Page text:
Rabbi Ari Shvat, an expert on Jewish law and modern politics, says Israeli women can sleep with the enemy in the interests of national security.
The scholar has found that it is not a breach of Jewish law for a woman to seduce terrorists and other dangerous enemies in order to gain vital intelligence to save lives.
The scholar's views on "Illicit Sex for the Sake of National Security" were published in Tehumin, the annual journal of the Zomet Institute in the West Bank, which researches the application of Jewish law to such modern-day issues as technology, medicine, politics and security.
Orthodox Judaism generally frowns on premarital sex, but it is not explicitly forbidden. However, Jewish law says there are technical problems if a female agent is married.
Shvat says it is preferable for a woman setting a honey trap to be single. If she is married, he suggests a technical solution: getting a quickie divorce from her husband before each mission and then re-marrying afterward. Otherwise, she is guilty of adultery, no matter how vital the asset.
He suggests obtaining a paper divorce that can be used for each mission to avoid the embarrassment -- and possible security leak -- of repeatedly returning to the rabbinical court.
Shvat takes as a precedent the case of Queen Esther, who married the Persian King Ahasuerus -- believed to be another name for Xerxes -- and saved the Jewish people from genocide. He also cites the story of Yael, a married woman mentioned in the Book of Judges, who seduces the enemy general Sisera and then drives a tent peg through his head in order to save her people.
Shvat says orthodox Jewish law has much to say about "initiating and making use of illicit sex in isolated and extreme cases when it is clear that this is the fastest and most efficient solution to acquire vital information or to prevent an act that endangers national security."
The Mossad's most famous honey trap was sprung by a seductive agent named Cheryl Bentov, who posed as an American named "Cindy" to lured atom spy Mordechai Vanunu from London to Rome in 1986.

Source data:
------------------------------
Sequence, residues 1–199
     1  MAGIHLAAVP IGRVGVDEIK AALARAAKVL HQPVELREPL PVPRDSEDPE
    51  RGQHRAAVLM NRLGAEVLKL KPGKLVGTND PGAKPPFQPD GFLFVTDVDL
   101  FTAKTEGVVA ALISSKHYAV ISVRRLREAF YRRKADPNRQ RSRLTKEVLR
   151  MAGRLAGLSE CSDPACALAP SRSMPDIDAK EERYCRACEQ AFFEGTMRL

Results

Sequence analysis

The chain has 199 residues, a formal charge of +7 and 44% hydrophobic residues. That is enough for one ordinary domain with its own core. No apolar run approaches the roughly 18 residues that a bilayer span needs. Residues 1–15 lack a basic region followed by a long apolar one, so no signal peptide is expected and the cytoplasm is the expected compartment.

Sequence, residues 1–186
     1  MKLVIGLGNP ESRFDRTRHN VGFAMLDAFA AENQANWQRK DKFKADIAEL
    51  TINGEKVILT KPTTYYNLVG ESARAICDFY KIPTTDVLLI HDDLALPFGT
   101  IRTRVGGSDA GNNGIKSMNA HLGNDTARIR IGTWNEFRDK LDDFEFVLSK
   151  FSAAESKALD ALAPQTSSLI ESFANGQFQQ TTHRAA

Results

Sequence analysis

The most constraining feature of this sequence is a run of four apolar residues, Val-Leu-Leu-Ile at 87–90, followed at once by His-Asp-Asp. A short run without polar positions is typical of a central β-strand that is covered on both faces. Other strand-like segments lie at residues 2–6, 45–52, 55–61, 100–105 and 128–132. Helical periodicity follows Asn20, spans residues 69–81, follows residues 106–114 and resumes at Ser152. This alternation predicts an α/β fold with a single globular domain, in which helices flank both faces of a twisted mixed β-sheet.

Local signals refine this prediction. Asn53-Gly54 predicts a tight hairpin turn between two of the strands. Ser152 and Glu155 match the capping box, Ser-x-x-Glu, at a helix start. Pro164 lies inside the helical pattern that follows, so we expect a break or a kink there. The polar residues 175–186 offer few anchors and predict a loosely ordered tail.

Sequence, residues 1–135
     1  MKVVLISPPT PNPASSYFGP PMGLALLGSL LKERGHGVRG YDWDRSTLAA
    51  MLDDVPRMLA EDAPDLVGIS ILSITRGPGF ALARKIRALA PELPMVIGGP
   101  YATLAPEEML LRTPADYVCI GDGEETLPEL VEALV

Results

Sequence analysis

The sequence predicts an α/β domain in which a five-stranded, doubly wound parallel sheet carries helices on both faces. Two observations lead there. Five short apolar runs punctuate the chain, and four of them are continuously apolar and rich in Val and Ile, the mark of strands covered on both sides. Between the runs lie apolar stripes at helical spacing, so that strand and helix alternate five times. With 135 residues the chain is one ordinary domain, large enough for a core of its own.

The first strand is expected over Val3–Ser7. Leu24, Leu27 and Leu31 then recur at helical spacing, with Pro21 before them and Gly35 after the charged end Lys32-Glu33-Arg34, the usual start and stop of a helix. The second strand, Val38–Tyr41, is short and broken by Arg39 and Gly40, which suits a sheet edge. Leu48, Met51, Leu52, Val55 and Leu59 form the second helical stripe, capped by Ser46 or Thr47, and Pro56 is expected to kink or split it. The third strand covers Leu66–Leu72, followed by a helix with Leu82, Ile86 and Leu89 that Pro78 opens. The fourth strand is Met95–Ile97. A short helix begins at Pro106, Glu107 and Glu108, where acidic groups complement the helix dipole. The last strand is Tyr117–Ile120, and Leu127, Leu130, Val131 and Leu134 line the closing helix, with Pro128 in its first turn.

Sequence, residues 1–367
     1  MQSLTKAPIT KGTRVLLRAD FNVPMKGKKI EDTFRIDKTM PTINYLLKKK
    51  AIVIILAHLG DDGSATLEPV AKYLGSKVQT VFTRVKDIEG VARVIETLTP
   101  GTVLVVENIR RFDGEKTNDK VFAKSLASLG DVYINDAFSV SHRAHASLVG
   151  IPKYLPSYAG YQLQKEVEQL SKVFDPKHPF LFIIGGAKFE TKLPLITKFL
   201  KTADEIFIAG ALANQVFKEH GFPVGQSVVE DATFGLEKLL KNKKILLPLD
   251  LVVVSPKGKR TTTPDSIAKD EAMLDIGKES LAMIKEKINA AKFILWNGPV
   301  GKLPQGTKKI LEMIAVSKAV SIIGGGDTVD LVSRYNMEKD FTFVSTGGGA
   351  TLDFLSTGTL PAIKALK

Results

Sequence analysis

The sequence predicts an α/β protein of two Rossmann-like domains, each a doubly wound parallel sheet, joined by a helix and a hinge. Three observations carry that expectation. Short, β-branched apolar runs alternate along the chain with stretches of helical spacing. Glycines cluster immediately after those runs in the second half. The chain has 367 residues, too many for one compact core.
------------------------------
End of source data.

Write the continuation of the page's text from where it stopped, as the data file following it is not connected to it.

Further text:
Shvat is not the first rabbi to consider spy seduction. Ancient Jewish sages argued in the Talmud more than 1,000 years ago that it was praiseworthy to have sex with a non-Jew in the pursuit of vital national interests. "Our sages of blessed memory elevate such acts of dedication to the top of the pyramid of commandments in Jewish law," Shvat says.
Israeli women who now feel that volunteering for the Mossad would be a welcome break from their boring routine should bear in mind that sleeping with a non-Jew will bar them in the future from marrying a Cohen -- a member of the Jewish priestly tribe. The wives of priests are likewise banned from using the divorce get-out since priests are also forbidden from marrying divorcees.
Perhaps surprisingly, the Mossad does count a number of religious agents among its ranks. After one famous mission, where a photograph was published of an alleged agent, the rabbi of his synagogue announced from the pulpit that the matter should not be discussed and his secret was kept within the community where he was a regular worshipper.
But Shvat acknowledges that his research is unlikely to encourage hordes of orthodox housewives to abandon their children and chicken soup recipes and head for the nearest Mossad recruiting office.
Rabbi Yisrael Rosen, head of the Zomet Institute and editor of Tehumin, told the Yedioth Ahronoth Hebrew-language daily that the study was "daring and important."
But he said he wasn't expecting a flood of new subscribers from the address somewhere near Tel Aviv where the Mossad is believed to have its headquarters.
"It is highly unlikely that Mossad agents will seek rabbinical advice," Rosen conceded.